• Kidd, Pavlovic, and DeShawn Stevenson (as well as Jason Terry on some zone possessions) all did an admirable job on Kobe Bryant, but it doesn’t matter. He shoots over you, he drives around you, and he finds his teammates. Then he finishes the night with 21 points on 18 shots along with 10 assists, and probably has nightmares about those eight shots he missed and his few giveaways. You don’t need me to tell you, but the man is damn good at what he does.

The Difference: Dallas Mavericks 102, Indiana Pacers 89

Posted by Rob Mahoney on January 13, 2011 under Recaps | Read the First Comment

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Under most normal circumstances, these game recaps take on a particular formula. Scrap it. Doing so comes with an assumption of normalcy, and these days for the Mavs hardly qualify as normal.

Dallas isn’t quite drowning, but this team is certainly tired of treading water. We’d all love to sit around the fire and tell tales of the go-getter Mavericks who could accomplish anything regardless of their significant disadvantage, but things haven’t turned out that way. Despite the fact that they’re playing hard, the Mavs aren’t playing well. It doesn’t help that Caron Butler is out for the season, but this team needs Dirk Nowitzki. Badly.

Until he returns, they’re just going through the motions. The other Mavs are getting in reps, I suppose, but this team doesn’t make sense without Dirk, and certainly doesn’t float. The extent of the roster’s buoyancy lies in a single man, and while Dallas is a capable squad with him in the lineup, they can’t compete as long as he’s sitting on the sideline. This is the roster that the Mavericks’ brass has constructed, and it works, except in those rare times when it doesn’t. Injuries to Nowitzki are anything but common, and yet the team needs to occasionally face the fact that this roster is sub-average without him, and unable to function at an acceptable competitive level in his absence. There are plenty of good players on this team, but as I’ve written before: none of it works without Dirk. The offense falls apart, and that puts entirely too much pressure on the defense, which eventually buckles.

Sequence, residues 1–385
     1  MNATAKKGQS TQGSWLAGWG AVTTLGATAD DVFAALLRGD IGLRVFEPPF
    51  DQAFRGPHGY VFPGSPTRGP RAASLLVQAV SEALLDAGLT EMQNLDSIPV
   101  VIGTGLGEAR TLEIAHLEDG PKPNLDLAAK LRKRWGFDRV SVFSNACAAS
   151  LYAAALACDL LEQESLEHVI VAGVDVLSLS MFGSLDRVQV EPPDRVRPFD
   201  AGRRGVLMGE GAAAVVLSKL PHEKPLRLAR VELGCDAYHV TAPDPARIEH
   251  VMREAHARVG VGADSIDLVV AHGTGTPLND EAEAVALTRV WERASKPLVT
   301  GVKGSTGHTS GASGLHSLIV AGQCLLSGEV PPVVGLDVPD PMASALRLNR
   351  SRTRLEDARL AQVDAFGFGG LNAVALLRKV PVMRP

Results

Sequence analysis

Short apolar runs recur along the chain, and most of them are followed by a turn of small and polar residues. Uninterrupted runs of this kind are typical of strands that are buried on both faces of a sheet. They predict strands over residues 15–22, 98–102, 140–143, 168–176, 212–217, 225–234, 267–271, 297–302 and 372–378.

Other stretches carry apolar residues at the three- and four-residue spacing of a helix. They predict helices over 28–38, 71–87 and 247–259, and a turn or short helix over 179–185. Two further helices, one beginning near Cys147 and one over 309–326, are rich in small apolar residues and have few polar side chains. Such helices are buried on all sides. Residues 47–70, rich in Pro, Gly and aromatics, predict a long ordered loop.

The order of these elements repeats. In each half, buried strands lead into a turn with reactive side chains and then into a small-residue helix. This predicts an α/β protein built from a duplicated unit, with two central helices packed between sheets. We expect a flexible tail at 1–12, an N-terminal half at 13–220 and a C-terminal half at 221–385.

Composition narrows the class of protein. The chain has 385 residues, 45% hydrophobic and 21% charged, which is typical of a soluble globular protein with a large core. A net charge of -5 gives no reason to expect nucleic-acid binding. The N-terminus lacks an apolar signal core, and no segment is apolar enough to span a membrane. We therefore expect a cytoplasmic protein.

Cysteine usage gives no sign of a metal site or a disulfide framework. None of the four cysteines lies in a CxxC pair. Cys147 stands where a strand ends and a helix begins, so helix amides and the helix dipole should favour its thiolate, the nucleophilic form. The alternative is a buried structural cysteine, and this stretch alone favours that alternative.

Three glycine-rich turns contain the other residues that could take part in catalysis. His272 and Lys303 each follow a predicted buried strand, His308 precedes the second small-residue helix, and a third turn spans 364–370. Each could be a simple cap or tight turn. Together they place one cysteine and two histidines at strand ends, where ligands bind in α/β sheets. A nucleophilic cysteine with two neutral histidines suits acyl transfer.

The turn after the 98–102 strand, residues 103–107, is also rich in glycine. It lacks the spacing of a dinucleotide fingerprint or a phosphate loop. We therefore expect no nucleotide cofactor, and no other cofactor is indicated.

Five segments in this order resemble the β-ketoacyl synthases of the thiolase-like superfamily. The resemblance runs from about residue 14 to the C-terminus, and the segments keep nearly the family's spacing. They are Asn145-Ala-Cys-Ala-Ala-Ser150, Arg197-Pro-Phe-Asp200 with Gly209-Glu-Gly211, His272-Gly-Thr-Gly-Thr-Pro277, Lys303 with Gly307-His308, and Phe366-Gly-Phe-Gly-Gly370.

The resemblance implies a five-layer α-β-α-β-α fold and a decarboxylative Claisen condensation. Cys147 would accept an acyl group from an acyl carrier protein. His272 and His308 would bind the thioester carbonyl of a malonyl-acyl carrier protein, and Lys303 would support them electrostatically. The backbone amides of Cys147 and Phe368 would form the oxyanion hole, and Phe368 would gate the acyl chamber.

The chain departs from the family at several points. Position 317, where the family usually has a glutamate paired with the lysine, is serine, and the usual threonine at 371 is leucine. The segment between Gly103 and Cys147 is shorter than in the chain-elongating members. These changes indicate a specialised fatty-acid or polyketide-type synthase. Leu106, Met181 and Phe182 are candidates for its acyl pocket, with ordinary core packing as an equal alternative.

That makes it quite easy for a team like the Pacers — lowly though they may be — to punch out on the clock and leave with a win. Indiana didn’t even have to do anything all that special; they played well enough, but it was hardly an inspiring performance from the Pacers. But with both teams in their current states, the 16-20 Pacers are better than the Dirk-less, Caron-less, Beaubois-less Mavs. Tyson Chandler can throw out double-doubles, Jason Terry can get his, DeShawn Stevenson can continue to be an unlikely source of points, and Shawn Marion can fill in the gaps, and it still won’t matter. Jason Kidd is a talented point guard, but this team wasn’t meant to succeed without Nowitzki, and will be doomed to fail in his absence as long as the offense is structured in a way that takes maximum advantage of his unique gifts. This is not a bad thing, but it’s certainly a thing. For now, it’s one that the Mavs are forced to live with.

The Difference: Oklahoma City Thunder 99, Dallas Mavericks 95

Posted by Rob Mahoney on January 7, 2011 under Recaps | 3 Comments to Read

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Box ScorePlay-by-PlayShot ChartGameFlow

TeamPaceOff. Eff.eFG%FT/FGORB%TOR
Dallas87.0109.250.619.029.316.1
Oklahoma City113.849.920.531.411.5

You know the drill. The Difference is a reflection on the game that was, with one bullet for every point in the final margin.

  • The healthier team won, even if they were able to skate by having only played a quarter and a half of solid defense. Dallas is trying. They really are. They’re just outmanned and handicapped offensively, so much so that a win against a competent team should come off as a pleasant surprise. The Thunder are certainly competent, so this is the kind of outcome we can come to expect for the time being. Slice and dice it for moral victories if you’d like, but the Mavs couldn’t win this one, even if they played hard enough for a W. I wish there were more delicate analysis required, but the outcome of this game was rather blunt.
  • I’m not sure you can bottle up this kind of Shawn Marion (25 points, 12-17 FG, three rebounds) performance for repeat consumption, but it’s always to see Marion cutting and driving to a huge night. I don’t know whether the Thunder have a particular problem with Marion’s style or if it’s just a coincidence that his runners happen to fall to spite Jeff Green, but this seems to be a kind of strange situation trend for Marion. Regardless, a nice scoring effort on a night when it was needed, but all for naught.
  • Tyson Chandler (14 points, 3-5 FG, 18 rebounds) is a monster. This was a nice encore performance by Chandler on the offensive glass, where he generated six extra offensive possessions while his team struggled a bit in their half-court sets. Plus, Chandler was able to milk free throw attempts out of some of those rebounds, converting an effort play directly into a point-scoring opportunity. No one could accuse Chandler of not doing his part in Dirk’s absence; he’s been superb in all facets of the game.
  • DeShawn Stevenson (14 points, 5-12 FG, 4-8 3FG, ) cannot guard Kevin Durant. He does his best to stay in front of him, but Stevenson is in that strange defensive place where he can neither effectively halt Durant’s drives nor successfully alter his shot. Stevenson’s a nice defensive asset on most nights, but Durant — a tough match-up for any defender in the league — is a particularly poor fit for Stevenson’s defensive abilities.